PLSJC Director Alan Hall writes a weekly column discussing library and community news, history, and other interesting subjects.
Additional Recent Columns
Reference Books - Online Today - (2/7/2016)
The Selection of Library Books Today - (1/31/2016)
Public Library / Law Library Collaborates - (1/24/2016)
eBooks in the Library System today - (1/17/2016)
Writing a book -- Today - (1/10/2016)
Reference Books - Online Today
By Alan Hall, Director, PLSJ
Publish Date - Sunday, February 07, 2016
The man on the other end of the phone call said, “You know, many of the subscriptions that your library has for our reference books will terminate by the end of 2016.”
I told him that I was aware of the situation, and that we were reviewing the use of those items and the cost of converting to online systems.
I was getting a mental picture of the Reference Room of libraries that trained me in Library Science back in the 1970s,
Every academic library associated with a college or university had high-ceilinged rooms with dark wood shelving filled to the gills with massive books, usually in sets; with that wonderful smell of a cork floor and paper.
Sometimes the huge tables and desks in the room had reading lamps attached to assist in reading what was sometimes small print in these massive lexicons of literature.
New additional volumes were added to these sets of books, or a revised index, to keep them up-to-date to that year --- the expected current information for that day.
Sometimes there would be a Princeton File (upright open box) on the shelf to hold monthly updates usually in paperback.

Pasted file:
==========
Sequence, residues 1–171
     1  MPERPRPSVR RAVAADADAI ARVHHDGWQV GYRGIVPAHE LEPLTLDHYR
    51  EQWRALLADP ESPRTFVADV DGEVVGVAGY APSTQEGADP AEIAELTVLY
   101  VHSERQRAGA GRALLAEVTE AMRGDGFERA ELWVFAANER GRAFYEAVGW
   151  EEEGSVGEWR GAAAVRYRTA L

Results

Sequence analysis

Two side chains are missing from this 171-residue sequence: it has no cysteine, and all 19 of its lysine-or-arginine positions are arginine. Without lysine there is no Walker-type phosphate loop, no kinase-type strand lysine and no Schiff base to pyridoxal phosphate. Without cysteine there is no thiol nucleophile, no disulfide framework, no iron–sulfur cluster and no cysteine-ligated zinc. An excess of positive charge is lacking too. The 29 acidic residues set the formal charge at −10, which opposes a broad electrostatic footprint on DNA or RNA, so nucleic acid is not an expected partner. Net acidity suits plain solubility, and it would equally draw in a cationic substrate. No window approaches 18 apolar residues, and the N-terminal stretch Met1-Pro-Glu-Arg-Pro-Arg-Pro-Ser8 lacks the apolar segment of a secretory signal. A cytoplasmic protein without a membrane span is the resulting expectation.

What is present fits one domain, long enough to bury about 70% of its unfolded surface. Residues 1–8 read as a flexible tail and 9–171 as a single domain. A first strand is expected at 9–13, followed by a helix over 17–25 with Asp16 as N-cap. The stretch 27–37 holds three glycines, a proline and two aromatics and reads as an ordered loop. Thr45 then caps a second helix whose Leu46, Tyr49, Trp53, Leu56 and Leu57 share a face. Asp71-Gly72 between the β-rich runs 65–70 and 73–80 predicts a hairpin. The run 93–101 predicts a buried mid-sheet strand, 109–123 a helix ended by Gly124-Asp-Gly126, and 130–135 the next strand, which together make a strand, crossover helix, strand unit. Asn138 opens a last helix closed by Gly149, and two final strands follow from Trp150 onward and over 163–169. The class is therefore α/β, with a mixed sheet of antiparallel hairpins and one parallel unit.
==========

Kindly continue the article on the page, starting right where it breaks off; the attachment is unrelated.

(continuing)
Libraries spent a lot of their book budget on keeping their Reference Room “up to par” as it was usually how people judged the library since the Reference Room was open to the public and usually the “front room” of the library.
Today, the only other room in an academic library that is probably as useless is the former card catalog room, where endless cabinets of 3 x 5 cards guided the user to the entire collection of materials housed in the library.
These spaces are often filled today with banks of computers, or lounges of seating where a person can sit and use their laptop or tablet to access the same information (and more) that is at everyone’s fingertips.
The number of publishers that sell “Reference Books” has shrunk to about five, through merger and closings, and they have become “data load” centers.
Some publish books and provide online databases, but more and more are moving toward only online systems.
Their information is not spilled across the Internet for everyone to use, you have to use a Password and access code to enter their systems.
Libraries use I.P. authentication to make their computers access the databases, and some companies allow libraries to provide home access through their library cards.
The move from books to online databases has not helped the library budget, as the cost is either the same, or more for the expanded capabilities of online systems.
I will be the first to admit that online systems have enormous capabilities when compared to the print book, which remains stuck-in-time with the contained information.
Online systems are continuously updating and replacing data, as well as loading historical data to their products.
Librarians used to view Reference Books as an investment for the library and its users. If someone had purchased a 1975 “History of Art” 10 volume set of books, they could be used forever without any continued investment.
Today, if you acquired the “History of Art” with an online system, if you didn’t buy it next year, it would “go away.”
Of course, we often hear that everything is on the Internet.
Is it? Information remains on the Internet as long as someone maintains the equipment upon which it operates and is saved.
And how much is simply garbage, posted by someone with no qualifications in a subject?
And so it goes in our nation’s libraries; we are still here doing what American libraries have done forever, providing information to the public. It is just our tools that change.